Graydon Krapohl has filed paperwork to form a campaign committee to run for a seat representing Ward 4 on the Ann Arbor city council. According to information posted the Washtenaw County elections website, the committee was formed on Jan. 9, 2014. As of Jan. 15, Krapohl, a Democrat, has not yet pulled petitions with the Ann Arbor city clerk’s office.
Krapohl currently serves on the city’s park advisory commission, and was elected as vice chair of that group on Sept. 17, 2013. He was nominated to the position by mayor John Hieftje and confirmed by the city council in late 2012. He is adjunct faculty with the U. S. Army War College and is a colonel in the U.S. Marine Corps.
Krapohl’s campaign filing lists Leah Gunn as treasurer. Gunn, a former Washtenaw County commissioner and former Ann Arbor Downtown Development Authority board member, is also treasurer for Christopher Taylor’s mayoral campaign. Taylor currently is a Ward 3 councilmember and serves on the park advisory commission with Krapohl.
Gunn has served in the past as campaign treasurer for Ward 4 councilmember Margie Teall, whose term ends this year. Teall has not publicly indicated whether she intends to seek re-election.
Updated at 8:29 p.m. Jan. 15, 2014: Teall spoke with The Chronicle after the Ann Arbor Housing Commission meeting, a group for which Teall serves as the city council liaison. Teall said she’s not planning to run for re-election this year. Teall was first elected in 2002, and after mayor John Hieftje, is currently the longest continuously serving member on the city council. With Teall’s departure from the council in November this year that distinction will belong jointly to Sabra Briere (Ward 1) and Mike Anglin (Ward 5), who were both first elected in 2007.
In other Ann Arbor wards, Democrat Kirk Westphal pulled petitions on Jan. 15 to run for a Ward 2 city council seat – which will be open as a result of Sally Petersen’s mayoral candidacy. And Democrat Julie Grand pulled petitions on Jan. 14 to run for the city council seat that will be left open in Ward 3 as a result of Taylor’s mayoral candidacy.
Incumbent Democrats Chuck Warpehoski (Ward 5) and Sumi Kailasapathy (Ward 1) also have taken out petitions to seek re-election. The only other person shown in city clerk records to have taken out petitions for local office is Eric Sturgis for the Ward 1 council seat. But an asterisk recorded next to his name includes a note that says Sturgis has indicated to the clerk’s office that he does not intend to file signatures to become a candidate. Sturgis contested the Ward 1 Democratic primary in 2012, which was won by Kailasapathy.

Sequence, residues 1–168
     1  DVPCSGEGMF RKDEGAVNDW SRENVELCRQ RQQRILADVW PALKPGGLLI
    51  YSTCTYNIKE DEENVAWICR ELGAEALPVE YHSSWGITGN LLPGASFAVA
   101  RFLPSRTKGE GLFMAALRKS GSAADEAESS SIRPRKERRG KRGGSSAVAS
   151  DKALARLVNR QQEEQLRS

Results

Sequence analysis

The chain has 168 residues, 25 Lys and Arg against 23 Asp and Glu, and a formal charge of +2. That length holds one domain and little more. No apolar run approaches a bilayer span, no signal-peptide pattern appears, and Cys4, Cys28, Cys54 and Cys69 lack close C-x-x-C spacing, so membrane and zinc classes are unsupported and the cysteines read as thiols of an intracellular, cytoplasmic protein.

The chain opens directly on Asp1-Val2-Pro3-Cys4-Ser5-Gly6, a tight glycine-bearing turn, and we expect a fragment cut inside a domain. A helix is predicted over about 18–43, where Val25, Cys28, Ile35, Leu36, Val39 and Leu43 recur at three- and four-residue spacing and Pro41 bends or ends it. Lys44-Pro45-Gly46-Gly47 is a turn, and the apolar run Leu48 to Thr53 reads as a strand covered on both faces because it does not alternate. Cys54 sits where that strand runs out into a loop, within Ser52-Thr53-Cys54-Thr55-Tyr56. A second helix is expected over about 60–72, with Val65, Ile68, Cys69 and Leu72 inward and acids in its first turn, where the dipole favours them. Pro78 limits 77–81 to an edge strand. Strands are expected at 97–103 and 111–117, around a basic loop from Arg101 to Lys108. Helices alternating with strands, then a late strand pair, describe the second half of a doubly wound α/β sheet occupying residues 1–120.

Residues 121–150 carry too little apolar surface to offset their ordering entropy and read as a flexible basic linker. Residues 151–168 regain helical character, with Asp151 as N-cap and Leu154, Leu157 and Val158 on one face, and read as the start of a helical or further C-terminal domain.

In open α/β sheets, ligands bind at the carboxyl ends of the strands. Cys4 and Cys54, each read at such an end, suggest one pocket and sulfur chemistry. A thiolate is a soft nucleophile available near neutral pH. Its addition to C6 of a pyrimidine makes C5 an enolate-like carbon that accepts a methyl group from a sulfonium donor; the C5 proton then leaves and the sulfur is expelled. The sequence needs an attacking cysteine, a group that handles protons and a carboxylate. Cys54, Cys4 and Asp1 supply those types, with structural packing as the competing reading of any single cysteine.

The field of mayoral candidates in Ann Arbor is somewhat wide open this year, because mayor John Hieftje announced on Oct. 11, 2013 that he would not be seeking re-election to an eighth two-year term in 2014.
Four current councilmembers are running. Ward 2 councilmember Sally Petersen announced on Jan. 15, 2014 that she’d be running for mayor. Ward 1 councilmember Sabra Briere made her announcement of a mayoral run on Jan. 10, 2014. According to city clerk staff, Briere took out the petitions on Jan. 15. Ward 3 councilmember Christopher Taylor announced his mayoral candidacy last year, on Dec. 20, 2013. Stephen Kunselman was the first to announce a candidacy for mayor, taking out petitions on Sept. 27, 2013 – even before winning re-election to his Ward 3 council seat on Nov. 5, 2013.
Ann Arbor’s 11-member city council consists of two representatives from each of five wards plus the mayor. All positions serve terms of two years. Briere and Kunselman are running for mayor in the middle of their terms, so if either of them is elected mayor, the council would need to appoint someone to serve out the remainder of their term.
Petitions for the partisan primary in August 2014 must be turned in by April 22
. For mayor, the requirement is for 50 signatures from each of the city’s five wards, for a total of 250 signatures. For councilmembers, 100 signatures are required from their ward.
Limits on the amount that an individual can contribute to a candidate’s campaign were lifted through Public Act 252 of 2013. For this year’s local elections, the limit that any individual can contribute to a city council candidate is $1,000. The limit for mayoral candidates is $2,000. Those amounts for councilmembers and mayor were previously $500 and $1,000 respectively.